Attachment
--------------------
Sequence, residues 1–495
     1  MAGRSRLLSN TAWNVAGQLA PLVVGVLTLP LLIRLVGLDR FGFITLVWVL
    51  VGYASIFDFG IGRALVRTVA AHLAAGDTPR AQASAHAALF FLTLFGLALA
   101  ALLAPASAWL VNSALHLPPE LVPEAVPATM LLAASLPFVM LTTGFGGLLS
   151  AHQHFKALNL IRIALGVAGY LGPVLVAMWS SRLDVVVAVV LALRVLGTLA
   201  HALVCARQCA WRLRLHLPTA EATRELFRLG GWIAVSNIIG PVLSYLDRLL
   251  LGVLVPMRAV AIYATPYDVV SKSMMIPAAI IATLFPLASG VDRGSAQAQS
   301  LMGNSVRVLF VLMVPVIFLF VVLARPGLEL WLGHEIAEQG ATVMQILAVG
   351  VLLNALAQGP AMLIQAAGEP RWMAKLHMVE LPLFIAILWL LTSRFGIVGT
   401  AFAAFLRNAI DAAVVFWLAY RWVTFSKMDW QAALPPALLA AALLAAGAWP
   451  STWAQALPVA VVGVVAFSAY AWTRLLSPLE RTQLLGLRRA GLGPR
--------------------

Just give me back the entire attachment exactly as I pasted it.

Sequence, residues 1–495
     1  MAGRSRLLSN TAWNVAGQLA PLVVGVLTLP LLIRLVGLDR FGFITLVWVL
    51  VGYASIFDFG IGRALVRTVA AHLAAGDTPR AQASAHAALF FLTLFGLALA
   101  ALLAPASAWL VNSALHLPPE LVPEAVPATM LLAASLPFVM LTTGFGGLLS
   151  AHQHFKALNL IRIALGVAGY LGPVLVAMWS SRLDVVVAVV LALRVLGTLA
   201  HALVCARQCA WRLRLHLPTA EATRELFRLG GWIAVSNIIG PVLSYLDRLL
   251  LGVLVPMRAV AIYATPYDVV SKSMMIPAAI IATLFPLASG VDRGSAQAQS
   301  LMGNSVRVLF VLMVPVIFLF VVLARPGLEL WLGHEIAEQG ATVMQILAVG
   351  VLLNALAQGP AMLIQAAGEP RWMAKLHMVE LPLFIAILWL LTSRFGIVGT
   401  AFAAFLRNAI DAAVVFWLAY RWVTFSKMDW QAALPPALLA AALLAAGAWP
   451  STWAQALPVA VVGVVAFSAY AWTRLLSPLE RTQLLGLRRA GLGPR